Thousands sign petition calling for more action on cyber-bullying after two celeb deaths

Thousands in South Korea have signed a petition calling for more action on cyber-bullying in the wake of two celebrity deaths.

Both volleyball player Kim In-hyeok and YouTuber Cho Jang-mi, who died within a day of each other, are thought to have taken their own lives.

Both had been targeted with hate comments online.

Cyber-bullying of well-known figures is a big issue in South Korea and several celebrities have killed themselves.

The petition was created after the death of influencer Cho Jang-mi, aged 27, who was found dead at home on 5 February. A person claiming to be a family member said she had taken her life due to hateful comments online, Yonhap reports.

The influencer and gamer, who was known online as BJ Jammi, had been accused in 2019 of making a gesture in one of her videos that implied she hated men. Her mother, who monitored her comments, had taken her own life in 2020, Ms Cho had said, at which point she appealed for the bullying, accusing her of being a “man-hater”, to stop.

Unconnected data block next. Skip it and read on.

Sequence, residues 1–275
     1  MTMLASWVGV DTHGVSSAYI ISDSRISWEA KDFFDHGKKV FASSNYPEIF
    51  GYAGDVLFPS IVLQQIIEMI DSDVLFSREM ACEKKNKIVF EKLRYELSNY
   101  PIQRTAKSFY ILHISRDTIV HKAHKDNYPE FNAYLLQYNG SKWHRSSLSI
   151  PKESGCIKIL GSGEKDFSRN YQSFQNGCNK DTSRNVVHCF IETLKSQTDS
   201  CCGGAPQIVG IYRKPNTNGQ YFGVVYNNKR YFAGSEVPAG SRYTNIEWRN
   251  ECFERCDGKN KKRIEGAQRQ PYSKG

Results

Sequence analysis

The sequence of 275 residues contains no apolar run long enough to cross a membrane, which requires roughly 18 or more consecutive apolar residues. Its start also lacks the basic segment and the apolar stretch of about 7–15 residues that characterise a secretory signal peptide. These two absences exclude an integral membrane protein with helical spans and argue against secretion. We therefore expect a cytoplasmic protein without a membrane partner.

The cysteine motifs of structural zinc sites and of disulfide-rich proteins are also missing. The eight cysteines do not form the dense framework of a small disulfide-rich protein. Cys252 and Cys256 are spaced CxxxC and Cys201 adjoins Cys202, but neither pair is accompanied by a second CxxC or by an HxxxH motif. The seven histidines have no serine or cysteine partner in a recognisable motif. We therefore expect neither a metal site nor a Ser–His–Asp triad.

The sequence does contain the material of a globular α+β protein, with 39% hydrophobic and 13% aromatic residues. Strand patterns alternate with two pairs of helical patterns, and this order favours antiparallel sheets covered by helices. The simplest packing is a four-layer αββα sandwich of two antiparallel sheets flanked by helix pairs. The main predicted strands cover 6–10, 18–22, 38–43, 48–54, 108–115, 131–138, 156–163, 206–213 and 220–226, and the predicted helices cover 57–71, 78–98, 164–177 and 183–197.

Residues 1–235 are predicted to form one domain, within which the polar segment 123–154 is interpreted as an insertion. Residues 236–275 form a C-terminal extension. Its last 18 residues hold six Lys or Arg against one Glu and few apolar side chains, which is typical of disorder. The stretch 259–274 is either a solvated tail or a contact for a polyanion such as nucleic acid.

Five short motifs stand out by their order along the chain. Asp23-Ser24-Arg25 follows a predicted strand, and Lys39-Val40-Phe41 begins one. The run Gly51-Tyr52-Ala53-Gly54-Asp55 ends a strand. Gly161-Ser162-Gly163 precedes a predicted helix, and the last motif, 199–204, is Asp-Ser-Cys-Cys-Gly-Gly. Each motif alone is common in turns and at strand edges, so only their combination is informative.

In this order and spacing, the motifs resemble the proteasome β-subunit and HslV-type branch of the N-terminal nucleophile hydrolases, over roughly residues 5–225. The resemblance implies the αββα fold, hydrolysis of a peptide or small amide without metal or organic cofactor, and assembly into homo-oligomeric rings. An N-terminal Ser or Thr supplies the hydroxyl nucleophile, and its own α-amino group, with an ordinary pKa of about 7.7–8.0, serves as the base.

The petition, signed by almost 150,000 people, has called for punishment for those who spread rumours about her.

Ms Cho’s death came a day after Kim In-hyeok, a 28-year-old volleyball player for the Daejeon Samsung Fire Bluefangs, was found dead.

He had also called for people to stop sending hate comments and spreading rumours about his sexuality and appearance online.

“People who have no idea who I really am send countless direct messages and post spiteful comments whenever I play a game. It’s really hard to bear all that. Please stop,” he wrote on Instagram.

Following his death, actor Hong Seok-cheon criticised the abuse that Mr Kim had received, a rare move by a celebrity.

“I will remember how many people have died from the blade that started at your fingertips,” he wrote on Instagram. “I will say it again, you malicious commenters are murderers.”

Others on social media have described online abuse in the country as “toxic”, accusing the bullies of “hiding behind the keyboard”.

It’s not the first time that a celebrity suicide in South Korea has put online bullying in the spotlight.